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USB Security

USB flash drives and ports can be a security risk based on a number of cases.  Users should be aware of the security risks to ensure their safe use in order to protect University assets.

Source of Malware

USB drives can become a vector (method) for infecting systems with unwanted applications such as virus, Trojans, worms, and key loggers.  To prevent infecting your devices and other university systems, do not insert USB drives from unknown sources.  A common way used by criminals to get into a system is to leave infected USB drives laying around in the hope of being found by unsuspecting users. These victims typically will attach these USB drives to their systems to determine what is on them without realizing that their system is being infected.

Protect Sensitive Information

USB devices are easily lost, do not put sensitive information on unprotected devices.  University policy requires sensitive University data that is put on a USB to be encrypted.  If lost, the information on an encrypted USB drive is kept safe.  The Information Security Office provides 4 GB LOK-IT Encrypted Drives available to faculty and staff.  If you require one, send a request to

If a university owned USB drive is lost or stolen, report it to the Information Security Office and indicate  what type of information was contained on the drive and if the drive was encrypted.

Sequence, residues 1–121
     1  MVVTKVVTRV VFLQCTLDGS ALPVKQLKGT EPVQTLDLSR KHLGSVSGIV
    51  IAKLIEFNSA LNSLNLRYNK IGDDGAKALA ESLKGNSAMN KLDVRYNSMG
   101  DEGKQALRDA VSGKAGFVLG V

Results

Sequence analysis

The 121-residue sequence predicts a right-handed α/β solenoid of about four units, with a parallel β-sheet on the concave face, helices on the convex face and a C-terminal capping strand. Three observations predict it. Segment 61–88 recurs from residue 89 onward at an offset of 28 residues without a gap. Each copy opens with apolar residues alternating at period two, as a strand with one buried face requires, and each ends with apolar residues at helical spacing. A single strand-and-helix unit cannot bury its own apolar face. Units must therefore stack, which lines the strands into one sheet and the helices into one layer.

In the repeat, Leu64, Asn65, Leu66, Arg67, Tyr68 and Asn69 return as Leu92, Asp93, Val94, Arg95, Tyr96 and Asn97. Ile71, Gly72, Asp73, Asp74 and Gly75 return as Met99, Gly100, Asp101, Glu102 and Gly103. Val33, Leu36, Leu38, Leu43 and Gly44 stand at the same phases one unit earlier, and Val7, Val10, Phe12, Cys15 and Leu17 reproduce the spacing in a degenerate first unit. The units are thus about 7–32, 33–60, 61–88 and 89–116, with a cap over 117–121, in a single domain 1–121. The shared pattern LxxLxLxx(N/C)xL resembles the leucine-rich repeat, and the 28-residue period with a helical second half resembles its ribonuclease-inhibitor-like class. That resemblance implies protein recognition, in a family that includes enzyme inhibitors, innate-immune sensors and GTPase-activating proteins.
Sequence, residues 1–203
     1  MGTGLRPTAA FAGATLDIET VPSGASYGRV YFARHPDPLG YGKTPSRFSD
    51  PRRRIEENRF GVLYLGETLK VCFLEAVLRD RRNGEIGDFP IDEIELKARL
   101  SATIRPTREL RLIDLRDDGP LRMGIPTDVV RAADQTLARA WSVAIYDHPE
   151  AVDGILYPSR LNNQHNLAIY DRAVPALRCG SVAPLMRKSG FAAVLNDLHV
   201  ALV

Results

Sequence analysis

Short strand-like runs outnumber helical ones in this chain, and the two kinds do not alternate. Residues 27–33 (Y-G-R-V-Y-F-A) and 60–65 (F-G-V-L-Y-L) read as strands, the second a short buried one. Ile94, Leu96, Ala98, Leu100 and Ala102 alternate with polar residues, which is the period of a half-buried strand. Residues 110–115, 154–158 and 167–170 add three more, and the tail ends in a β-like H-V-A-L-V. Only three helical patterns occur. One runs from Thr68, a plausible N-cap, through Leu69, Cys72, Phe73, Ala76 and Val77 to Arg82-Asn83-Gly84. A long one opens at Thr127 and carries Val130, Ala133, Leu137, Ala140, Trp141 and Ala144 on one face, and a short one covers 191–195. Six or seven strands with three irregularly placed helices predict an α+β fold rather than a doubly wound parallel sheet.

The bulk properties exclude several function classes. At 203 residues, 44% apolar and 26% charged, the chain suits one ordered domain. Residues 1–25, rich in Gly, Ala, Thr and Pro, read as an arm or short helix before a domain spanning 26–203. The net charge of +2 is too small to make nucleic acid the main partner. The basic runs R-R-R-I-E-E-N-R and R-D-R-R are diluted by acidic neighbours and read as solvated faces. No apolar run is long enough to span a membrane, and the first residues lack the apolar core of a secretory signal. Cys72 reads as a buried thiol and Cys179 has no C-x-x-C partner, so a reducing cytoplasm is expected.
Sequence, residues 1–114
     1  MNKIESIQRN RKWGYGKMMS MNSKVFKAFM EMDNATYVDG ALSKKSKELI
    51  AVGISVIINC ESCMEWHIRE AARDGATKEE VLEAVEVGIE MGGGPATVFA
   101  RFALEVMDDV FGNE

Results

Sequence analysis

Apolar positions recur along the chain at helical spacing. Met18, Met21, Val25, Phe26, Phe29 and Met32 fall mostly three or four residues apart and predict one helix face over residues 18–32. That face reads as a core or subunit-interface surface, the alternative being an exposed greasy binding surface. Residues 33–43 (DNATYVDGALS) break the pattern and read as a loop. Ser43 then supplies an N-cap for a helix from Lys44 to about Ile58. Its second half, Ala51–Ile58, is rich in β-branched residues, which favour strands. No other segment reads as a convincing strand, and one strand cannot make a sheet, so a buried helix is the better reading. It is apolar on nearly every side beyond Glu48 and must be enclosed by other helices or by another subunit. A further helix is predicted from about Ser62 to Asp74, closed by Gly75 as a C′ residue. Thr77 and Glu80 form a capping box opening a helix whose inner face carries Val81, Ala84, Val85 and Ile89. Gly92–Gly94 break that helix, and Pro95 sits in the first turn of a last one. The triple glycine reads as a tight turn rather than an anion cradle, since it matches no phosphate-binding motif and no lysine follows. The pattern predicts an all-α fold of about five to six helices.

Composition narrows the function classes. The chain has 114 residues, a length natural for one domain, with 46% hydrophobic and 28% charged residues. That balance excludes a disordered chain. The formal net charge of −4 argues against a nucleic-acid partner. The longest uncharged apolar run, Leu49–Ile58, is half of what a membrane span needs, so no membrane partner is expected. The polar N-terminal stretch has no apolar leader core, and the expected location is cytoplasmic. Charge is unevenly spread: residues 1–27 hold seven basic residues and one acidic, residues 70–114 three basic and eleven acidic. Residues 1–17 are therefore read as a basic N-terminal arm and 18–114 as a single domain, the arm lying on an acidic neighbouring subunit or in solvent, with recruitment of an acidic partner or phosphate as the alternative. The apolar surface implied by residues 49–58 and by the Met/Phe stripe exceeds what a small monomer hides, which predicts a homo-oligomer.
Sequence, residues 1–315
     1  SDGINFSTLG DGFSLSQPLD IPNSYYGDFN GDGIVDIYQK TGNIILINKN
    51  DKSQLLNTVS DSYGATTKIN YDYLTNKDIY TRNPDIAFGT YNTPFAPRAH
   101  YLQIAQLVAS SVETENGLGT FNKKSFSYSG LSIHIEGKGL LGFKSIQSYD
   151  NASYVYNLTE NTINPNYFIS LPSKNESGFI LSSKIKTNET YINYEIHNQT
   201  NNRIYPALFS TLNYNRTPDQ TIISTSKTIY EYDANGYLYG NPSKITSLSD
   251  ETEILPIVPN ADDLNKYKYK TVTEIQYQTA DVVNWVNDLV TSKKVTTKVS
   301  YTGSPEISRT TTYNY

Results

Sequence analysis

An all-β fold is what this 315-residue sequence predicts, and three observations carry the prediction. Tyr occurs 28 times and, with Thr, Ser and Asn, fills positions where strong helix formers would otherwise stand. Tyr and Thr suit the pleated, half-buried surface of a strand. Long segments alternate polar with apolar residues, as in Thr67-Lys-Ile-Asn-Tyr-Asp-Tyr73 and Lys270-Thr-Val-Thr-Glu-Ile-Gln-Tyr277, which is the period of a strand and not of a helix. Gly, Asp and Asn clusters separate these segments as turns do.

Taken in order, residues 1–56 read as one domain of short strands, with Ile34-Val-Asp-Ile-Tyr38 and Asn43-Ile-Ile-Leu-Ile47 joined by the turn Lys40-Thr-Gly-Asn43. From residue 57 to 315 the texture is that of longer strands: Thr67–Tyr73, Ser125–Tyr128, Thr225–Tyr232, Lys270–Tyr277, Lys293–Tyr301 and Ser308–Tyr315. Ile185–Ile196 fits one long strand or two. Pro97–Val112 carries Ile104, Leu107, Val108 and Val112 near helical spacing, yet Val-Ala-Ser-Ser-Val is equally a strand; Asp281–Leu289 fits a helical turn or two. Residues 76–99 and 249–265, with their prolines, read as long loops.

Keep your Computer updated with patches and anti-malware.  

Be sure your operating systems, applications and anti-malware is kept up-to-date.  This helps prevent malware from taking advantage of vulnerabilities on your computer whether it is from an infected USB drive or another source.  It is also wise to disable the auto run feature on your systems which allows applications to start automatically when you plug in a USB.

Be aware of hardware keyloggers

Another method of malicious activity includes a “hacker” plugging in a USB device on a targeted computer that is designed to collect keystrokes from a keyboard.
Hardware Keylogger Hardware Keylogger The typical use of a keylogger is to harvest user names a passwords used by anyone using the computer; this gives the “hacker” a way of stealing your passwords in order obtain access to computer systems or websites that may have sensitive personal or institutional information. To guard against this, check for USB devices that have been plugged into your computer systems without your knowledge.